History of Shipbuilding on North River, Plymouth County, Massachusetts

History of Shipbuilding on North River, Plymouth County, Massachusetts

L. Vernon Briggs

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Editore: Forgotten Books
Formato: PDF
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  • EAN: 9780243761548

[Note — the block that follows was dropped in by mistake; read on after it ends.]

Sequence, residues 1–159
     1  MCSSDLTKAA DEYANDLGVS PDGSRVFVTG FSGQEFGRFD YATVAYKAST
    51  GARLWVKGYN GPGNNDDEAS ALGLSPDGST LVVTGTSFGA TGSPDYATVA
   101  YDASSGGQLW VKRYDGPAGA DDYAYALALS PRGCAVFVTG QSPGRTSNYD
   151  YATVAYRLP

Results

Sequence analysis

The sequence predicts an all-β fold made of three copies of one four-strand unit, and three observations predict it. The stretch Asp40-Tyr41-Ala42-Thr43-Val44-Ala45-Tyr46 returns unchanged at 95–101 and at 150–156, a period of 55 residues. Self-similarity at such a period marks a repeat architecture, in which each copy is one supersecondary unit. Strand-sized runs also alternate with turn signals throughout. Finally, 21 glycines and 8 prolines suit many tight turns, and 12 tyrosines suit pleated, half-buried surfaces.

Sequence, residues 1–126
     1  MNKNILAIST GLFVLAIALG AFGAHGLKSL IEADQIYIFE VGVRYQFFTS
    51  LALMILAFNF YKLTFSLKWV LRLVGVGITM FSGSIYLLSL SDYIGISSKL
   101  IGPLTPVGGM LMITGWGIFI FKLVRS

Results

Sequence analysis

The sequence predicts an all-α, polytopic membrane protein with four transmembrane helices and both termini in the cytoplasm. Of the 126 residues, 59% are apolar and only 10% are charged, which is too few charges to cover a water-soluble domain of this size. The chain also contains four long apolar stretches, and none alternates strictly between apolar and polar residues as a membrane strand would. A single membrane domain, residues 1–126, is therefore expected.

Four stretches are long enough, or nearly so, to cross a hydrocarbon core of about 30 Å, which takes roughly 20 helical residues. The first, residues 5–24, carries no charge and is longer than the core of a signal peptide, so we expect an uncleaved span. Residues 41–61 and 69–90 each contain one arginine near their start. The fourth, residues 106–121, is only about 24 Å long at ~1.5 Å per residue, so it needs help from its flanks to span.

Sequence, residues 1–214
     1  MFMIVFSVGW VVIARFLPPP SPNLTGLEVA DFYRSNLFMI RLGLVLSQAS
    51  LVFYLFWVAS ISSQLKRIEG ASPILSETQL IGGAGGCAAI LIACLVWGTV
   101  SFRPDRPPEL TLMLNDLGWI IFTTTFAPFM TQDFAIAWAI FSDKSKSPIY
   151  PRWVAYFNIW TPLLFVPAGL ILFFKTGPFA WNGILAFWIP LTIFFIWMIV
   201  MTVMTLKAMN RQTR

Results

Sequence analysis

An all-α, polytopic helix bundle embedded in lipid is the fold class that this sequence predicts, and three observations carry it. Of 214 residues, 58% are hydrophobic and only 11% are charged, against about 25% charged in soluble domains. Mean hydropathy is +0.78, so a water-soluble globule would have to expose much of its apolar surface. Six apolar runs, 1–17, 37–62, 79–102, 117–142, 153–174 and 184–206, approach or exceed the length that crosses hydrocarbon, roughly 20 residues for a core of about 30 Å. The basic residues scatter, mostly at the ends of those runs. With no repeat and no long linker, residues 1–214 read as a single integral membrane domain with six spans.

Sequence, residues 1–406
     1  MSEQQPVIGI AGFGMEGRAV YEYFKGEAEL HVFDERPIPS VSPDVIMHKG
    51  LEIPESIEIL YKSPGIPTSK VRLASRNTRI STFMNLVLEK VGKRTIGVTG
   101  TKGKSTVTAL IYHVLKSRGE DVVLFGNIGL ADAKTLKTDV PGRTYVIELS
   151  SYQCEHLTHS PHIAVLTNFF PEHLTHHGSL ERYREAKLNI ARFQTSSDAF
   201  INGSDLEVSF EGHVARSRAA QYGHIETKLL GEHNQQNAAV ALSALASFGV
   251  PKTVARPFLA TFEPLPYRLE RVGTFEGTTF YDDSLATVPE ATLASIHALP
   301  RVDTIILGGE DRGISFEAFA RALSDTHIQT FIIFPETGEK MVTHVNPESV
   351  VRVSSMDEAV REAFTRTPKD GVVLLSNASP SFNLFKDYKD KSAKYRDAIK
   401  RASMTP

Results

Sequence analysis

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The name of North River is familiar to the older generations of seafaring men and especially to the older residents of Nantucket, New Bedford, Sag Harbor, Barnstable, Provincetown, Boston and the South Shore. Great Britain was a market for a large num ber of North River built vessels before the Revolution. Prior to 1800 North River was known the world over; vessels were not designated as having been built in Scituate, Marshfield, Hanover or Pembroke, but on North River. The author has unearthed the records of over one thousand and twenty-five vessels built here, and the United States Flag was carried around the world, and among other places, to the following countries for the first time at the mast heads of North River built vessels Great Brit ain, Canada, the Northwest coast, to the Black Sea and China. The largest number of vessels built on the River in a single year that the author has found the records of was thirty in 1801, and the year 1818 shows the next largest number, twenty-four. During the five years, from 1799 to 1804 inclusive, there were built here one hundred and fifteen vessels, an average of twenty-three each year. During the ten years, from 1794 to 1804 inclusive, there were one hundred and seventy-eight vessels built here, or an average of 17 each year. The largest number of vessels found bearing the same name were Betseys and Sallys, fourteen each twelve Marys, eleven Pollys, and ten Neptunes. Times looka little brighter for the shipbuilders in general now; nine or more vessels are on the stocks at Bath, Me. Currier hasjust launched a 1200-t0n four-masted schooner at Newburyport; a similar ves sel has recently been launched at New Haven, Conn., and six or more vessels are building at East Boston. North River may yet see another vessel, and perhaps many more built upon her banks. Several of the old shipbuilders affirm that in build ing small vessels there are no obstacles but what could easily be overcome, if the men had the courage. The copied manuscript of this volume has been deposited with the New England His toric Genealogical Society, Boston.
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